|Distribution:||Heath on the northern tablelands of New South Wales.|
|Common Name:||No generally accepted common name.|
|Derivation of Name:||Prostanthera...from Greek prostheke; an appendix and anthera; an anther, referring to the appendage on the stamens
cruciflora... From Latin crux, a cross and florus, to bloom or flower, referring to the shape of the flowers.
|Conservation Status:||Not currently listed under the EPBC Act* but regarded as rare because of its limited distribution. Classified as 2RCt under the ROTAP * system.|
Prostanthera is a genus of about 90 species which occur only in Australia. They are known generally as "mint bushes" because of the aromatic foliage of many species. As a member of the Lamiaceae, Prostanthera is related to a number of culinary herbs such as mint, thyme, oregano and sage.
Photo: Brian Walters
Prostanthera cruciflora is an erect shrub to about 1.5 metres in height by a similar width. The leaves are oval shaped, greyish-green, about 15 mm long and often distinctly curved inwards. The white flowers are unusual in having the shape of a cross - they are about 15-20 mm in diameter and are seen in spring.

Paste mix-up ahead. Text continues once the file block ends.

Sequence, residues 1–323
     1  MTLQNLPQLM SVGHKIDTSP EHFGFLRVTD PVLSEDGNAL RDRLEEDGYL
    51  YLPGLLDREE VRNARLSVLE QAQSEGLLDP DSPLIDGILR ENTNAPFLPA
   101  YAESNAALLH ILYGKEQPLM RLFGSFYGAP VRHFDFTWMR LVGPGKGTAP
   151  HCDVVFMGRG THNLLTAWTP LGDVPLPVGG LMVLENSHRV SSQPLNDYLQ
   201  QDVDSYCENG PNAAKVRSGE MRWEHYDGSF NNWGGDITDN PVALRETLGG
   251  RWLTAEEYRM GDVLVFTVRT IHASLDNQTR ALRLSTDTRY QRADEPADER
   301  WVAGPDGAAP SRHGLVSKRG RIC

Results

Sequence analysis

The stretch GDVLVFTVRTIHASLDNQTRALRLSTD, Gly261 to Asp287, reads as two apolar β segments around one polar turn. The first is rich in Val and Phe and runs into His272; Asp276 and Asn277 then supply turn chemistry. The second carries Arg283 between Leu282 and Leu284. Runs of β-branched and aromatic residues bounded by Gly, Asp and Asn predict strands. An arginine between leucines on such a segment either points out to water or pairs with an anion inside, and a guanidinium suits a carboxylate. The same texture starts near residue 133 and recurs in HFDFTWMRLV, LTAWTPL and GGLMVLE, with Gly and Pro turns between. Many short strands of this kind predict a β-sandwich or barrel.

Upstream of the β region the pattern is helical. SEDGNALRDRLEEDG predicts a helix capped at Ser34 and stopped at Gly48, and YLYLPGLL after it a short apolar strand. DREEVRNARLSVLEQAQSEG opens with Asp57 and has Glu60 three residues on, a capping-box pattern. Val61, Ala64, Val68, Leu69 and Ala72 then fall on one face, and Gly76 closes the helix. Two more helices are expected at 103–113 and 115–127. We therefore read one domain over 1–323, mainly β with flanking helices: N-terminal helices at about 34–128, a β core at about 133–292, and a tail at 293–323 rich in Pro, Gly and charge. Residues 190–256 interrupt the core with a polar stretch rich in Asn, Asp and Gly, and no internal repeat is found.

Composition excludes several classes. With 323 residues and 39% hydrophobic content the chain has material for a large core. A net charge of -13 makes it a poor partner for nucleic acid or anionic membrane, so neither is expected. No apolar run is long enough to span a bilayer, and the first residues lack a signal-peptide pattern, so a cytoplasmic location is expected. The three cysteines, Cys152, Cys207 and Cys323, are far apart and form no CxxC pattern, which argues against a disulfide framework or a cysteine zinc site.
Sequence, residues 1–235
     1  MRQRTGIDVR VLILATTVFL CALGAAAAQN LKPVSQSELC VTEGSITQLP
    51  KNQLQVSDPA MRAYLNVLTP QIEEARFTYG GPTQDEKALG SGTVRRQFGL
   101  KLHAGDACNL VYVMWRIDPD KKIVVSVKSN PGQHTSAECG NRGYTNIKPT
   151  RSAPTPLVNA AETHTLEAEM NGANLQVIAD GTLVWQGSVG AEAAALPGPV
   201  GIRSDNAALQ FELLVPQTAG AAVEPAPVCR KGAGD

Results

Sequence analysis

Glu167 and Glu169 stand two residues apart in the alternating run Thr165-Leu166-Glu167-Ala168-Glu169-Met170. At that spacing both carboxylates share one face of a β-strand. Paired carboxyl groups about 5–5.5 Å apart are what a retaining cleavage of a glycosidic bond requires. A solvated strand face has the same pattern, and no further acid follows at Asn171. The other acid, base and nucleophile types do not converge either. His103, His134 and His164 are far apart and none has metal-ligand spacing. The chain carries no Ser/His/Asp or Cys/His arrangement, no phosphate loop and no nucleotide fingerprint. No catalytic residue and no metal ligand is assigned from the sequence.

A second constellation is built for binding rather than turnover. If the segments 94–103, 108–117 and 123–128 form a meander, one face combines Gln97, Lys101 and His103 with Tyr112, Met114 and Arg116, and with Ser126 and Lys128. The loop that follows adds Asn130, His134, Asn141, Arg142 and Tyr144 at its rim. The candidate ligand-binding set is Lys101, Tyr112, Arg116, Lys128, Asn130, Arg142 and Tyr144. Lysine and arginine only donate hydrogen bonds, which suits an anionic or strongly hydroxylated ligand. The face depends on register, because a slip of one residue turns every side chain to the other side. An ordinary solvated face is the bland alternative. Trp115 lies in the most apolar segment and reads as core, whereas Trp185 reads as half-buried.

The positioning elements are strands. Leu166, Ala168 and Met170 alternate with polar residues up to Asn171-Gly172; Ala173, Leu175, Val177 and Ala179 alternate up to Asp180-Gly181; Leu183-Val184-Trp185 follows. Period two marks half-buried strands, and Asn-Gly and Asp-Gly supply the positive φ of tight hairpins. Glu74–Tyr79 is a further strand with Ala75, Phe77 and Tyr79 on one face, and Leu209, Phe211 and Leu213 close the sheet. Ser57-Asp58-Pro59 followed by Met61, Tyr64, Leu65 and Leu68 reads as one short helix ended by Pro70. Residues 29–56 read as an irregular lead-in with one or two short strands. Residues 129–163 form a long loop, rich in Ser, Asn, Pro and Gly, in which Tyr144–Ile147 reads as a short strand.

P cruciflora is not well known in cultivation, possibly because it is not as spectacular in flower as some of the other mint bushes. However, the unusual flowers make it an interesting plant for the garden. It prefers well drained soils in a sunny or semi shaded location and should not be allowed to dry out.
Prostantheras respond to well to annual fertilising after flowering and are not as sensitive as some other Australian plants to phosphorus.
Propagation is easy from cuttings but seed can be slow to germinate. In areas where the root-rot fungus Phytophthora cinnamomi is a problem, grafting onto the related Westringia fruticosa is recommended.
* EPBC Act = Environment Protection and Biodiversity Conservation Act 1999;
ROTAP = Rare or Threatened Australian Plants (Briggs and Leigh, 1988)
For further information refer the Australian Plants at Risk page